Category Archives: #reminiscences

25 years

Twenty-five years ago this week, I was singing daily at Westminster Abbey in London.  I was soloist with the mixed choir from Grace & Holy Trinity Cathedral in Kansas City, on a tour of Scotland and England, culminating in a week-long residency at Westminster Abbey.

We had sung at the Abbey on Monday and Tuesday, then had Wednesday off.  Twenty-five years ago, this day was a Thursday.

And on this Thursday 25 years ago, after singing Evensong, and the vergers closed the Abbey, the choir broke into two groups and had a guided tour of the Abbey.  No others present. Just us and the ghosts and the saints.

Our tour took more than an hour.  Then the guides said to us “Stay as long as you’d like.  We have a late prayer service at 10 p.m.”  So in the twilight (the sun did not set until 10 p.m. or so) I wandered the Abbey and visited the monuments for people who were already important in my life — Handel, Purcell, Stanford, Vaughan Williams.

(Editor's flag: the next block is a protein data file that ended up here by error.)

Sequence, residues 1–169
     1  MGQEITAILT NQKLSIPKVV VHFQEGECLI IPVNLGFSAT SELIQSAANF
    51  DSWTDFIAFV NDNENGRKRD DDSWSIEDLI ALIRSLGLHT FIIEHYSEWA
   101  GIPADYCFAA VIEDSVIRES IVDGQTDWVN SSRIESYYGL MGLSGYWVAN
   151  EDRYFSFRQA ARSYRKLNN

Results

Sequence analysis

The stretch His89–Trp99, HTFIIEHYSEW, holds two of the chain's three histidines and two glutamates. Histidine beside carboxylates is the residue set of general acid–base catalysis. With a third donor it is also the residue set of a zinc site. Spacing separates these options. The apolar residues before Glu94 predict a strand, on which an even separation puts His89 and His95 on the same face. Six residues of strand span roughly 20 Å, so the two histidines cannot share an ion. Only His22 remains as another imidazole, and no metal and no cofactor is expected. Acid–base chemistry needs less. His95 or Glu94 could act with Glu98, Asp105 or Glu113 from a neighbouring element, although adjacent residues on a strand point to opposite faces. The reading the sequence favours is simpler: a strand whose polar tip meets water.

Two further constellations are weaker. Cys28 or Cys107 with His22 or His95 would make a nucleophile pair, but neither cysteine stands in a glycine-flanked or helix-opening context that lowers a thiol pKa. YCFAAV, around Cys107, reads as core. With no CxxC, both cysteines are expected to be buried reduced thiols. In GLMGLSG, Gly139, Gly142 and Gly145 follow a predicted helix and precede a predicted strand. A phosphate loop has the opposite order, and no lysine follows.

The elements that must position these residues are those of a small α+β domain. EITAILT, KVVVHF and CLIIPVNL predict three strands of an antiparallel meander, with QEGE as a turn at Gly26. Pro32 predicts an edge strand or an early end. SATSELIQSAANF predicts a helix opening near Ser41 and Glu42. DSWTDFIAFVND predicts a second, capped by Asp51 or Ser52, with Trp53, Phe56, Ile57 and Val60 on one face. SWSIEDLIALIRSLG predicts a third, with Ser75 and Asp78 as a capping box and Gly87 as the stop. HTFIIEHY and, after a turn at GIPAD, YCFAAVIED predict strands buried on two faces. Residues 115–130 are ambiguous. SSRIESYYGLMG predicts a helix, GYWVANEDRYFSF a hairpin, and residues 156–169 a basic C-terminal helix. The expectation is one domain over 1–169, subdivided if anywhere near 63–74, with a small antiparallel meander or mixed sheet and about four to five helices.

I explored the family chapels, the tomb of St. Edward the Confessor, the graves of Mary, Queen of Scots and Elizabeth I.  The incredible Mary Chapel.

But most importantly for me, I stopped for a long time at the grave of Herbert Howells.  (Just search this blog for Howells!) To be alone with him for those few minutes, in the quiet of the Abbey, was a powerfully emotional, even transcendental experience.

Howells, Vaughan Williams, and Stanford, all together in eternal rest at Westminster Abbey.

Three days later I sang his Westminster Abbey service, and Vaughan Williams’ “Lord, thou has been our refuge,” just steps away from their graves in that north choir aisle.  And barely made it through the emotions.

Every subsequent visit to the Abbey has included a moment of quiet at HH’s grave.  I hope to visit once again before I too am gone.


I love my jobs.

I just love my jobs.

Teaching. Composing. Sitting at the piano for hours every day.

Could life be better than this . . . moving the needle in other people’s lives?